Science makes the following claim for itself, legitimately: most of what is knowable is unknown at this moment, and most of what is unknown will be knowable eventually through science. The faith of science makes a further claim: all that is unknown will be knowable through science. The distinction between the two turns on the question: Is there anything unknown now, whether or not it lies on the outer edge of what is knowable, that will never be understood, anything that is ultimately unknowable? No one denies that science will push the margin ever closer to full knowledge. The issue is whether some unknown will always remain. That question about science is by its very nature not answerable by science. Therefore to claim there is nothing unknowable is an act of faith, and to affirm this statement makes science into a faith. [From Practicing Science, Living Faith, Eds. P. Clayton and J. Schaal. Page 229]

Importantly, he goes on to make clear that he does not think that all scientists make the claim that “all that is unknown will be knowable through science.” And that may simply be because there are questions that science cannot answer as a result of contingent human limitations (e.g., whether there are extraterrestrials). Thus he is not claiming that the practicing of science necessarily requires faith. Rather, his claim is that a certain way of viewing science and knowledge requires faith. The crucial move in Pollack’s argument is “The issue is whether some unknown will always remain. That question about science is by its very nature not answerable by science. Therefore to claim there is nothing unknowable is an act of faith, and to affirm this statement makes science into a faith.” It would be great to see what others think about this move.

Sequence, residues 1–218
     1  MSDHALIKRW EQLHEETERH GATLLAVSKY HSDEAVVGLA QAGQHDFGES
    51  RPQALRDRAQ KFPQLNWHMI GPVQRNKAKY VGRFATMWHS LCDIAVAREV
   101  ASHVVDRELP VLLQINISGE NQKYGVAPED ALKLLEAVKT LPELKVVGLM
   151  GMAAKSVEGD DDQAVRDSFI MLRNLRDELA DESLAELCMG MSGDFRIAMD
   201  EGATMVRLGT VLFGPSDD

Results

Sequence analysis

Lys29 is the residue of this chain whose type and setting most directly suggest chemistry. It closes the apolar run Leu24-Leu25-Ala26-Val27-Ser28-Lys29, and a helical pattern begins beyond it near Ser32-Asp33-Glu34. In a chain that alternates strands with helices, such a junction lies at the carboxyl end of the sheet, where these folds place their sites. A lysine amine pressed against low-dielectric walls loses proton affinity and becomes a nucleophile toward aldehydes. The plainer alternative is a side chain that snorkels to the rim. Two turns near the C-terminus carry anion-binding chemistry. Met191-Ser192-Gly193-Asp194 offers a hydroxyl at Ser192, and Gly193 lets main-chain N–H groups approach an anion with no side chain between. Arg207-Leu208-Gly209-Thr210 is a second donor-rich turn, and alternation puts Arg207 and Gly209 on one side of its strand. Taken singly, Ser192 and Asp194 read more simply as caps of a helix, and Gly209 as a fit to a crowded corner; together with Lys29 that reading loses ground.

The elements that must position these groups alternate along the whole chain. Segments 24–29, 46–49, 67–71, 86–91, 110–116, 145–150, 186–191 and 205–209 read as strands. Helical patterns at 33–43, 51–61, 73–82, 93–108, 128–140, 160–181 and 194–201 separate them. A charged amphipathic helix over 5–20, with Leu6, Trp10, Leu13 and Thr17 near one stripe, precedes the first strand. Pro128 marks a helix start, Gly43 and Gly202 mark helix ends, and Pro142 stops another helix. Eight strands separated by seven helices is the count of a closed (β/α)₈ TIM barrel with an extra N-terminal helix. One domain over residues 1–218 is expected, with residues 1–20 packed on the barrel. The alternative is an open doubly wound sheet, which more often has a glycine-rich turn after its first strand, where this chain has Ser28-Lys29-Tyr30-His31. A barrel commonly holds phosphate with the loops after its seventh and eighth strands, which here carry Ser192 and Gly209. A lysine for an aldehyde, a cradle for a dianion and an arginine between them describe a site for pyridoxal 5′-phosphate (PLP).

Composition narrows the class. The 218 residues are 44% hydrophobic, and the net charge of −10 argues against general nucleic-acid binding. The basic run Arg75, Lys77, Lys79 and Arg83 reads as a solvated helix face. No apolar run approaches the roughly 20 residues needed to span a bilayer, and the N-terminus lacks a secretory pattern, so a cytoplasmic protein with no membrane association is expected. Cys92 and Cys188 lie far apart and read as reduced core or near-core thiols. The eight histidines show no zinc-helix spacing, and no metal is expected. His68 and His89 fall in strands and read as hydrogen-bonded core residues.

Nussbaum and Moyers on Religion, Equality, and the Separation of Church and State

Here is a link to a video of Bill Moyers interviewing the philosopher Martha Nussbaum:

Here is part of the transcript of Moyers’s introduction:

BILL MOYERS: … Consider one of the highest rated news shows on cable television this week:
BROWN: Tonight, we bring you something different in this already extraordinary campaign year. We are calling it the Compassion Forum…
BILL MOYERS: The compassion forum on CNN was touted as an opportunity for the candidates to “discuss how their faith and moral convictions” might guide them as president of the United States.
BROWN: You said in an interview last year that you have actually felt the presence of the Holy Spirit on many occasions. Share some of those occasions with us.
MEACHAM: Do you believe God wants you to be president?
BROWN: If one of your daughters asked you, “Daddy, did God really create the world in six days?” What would you say?
MEACHAM: Senator, do you believe that God rewards or punishes people or nations in real time?
BILL MOYERS: If you don’t think those questions at least imply a religious test for office, try to imagine what would have happened if one of those candidates had answered, “Well, I find the concept of the supernatural rather shaky and the evidence for it insubstantial. To be honest, I’m agnostic. So let’s talk instead about how we’re going to find the money to rebuild our infrastructure.”
That candidate would be burned at the metaphorical equivalent of the heretic’s stake. So I have a suggestion for the next compassion forum. Turn the tables, and insist that the candidates get to quiz the moderators on how well they have read Martha Nussbaum’s new book: LIBERTY OF CONSCIENCE: IN DEFENSE OF AMERICA’S TRADITION OF RELIGIOUS EQUALITY.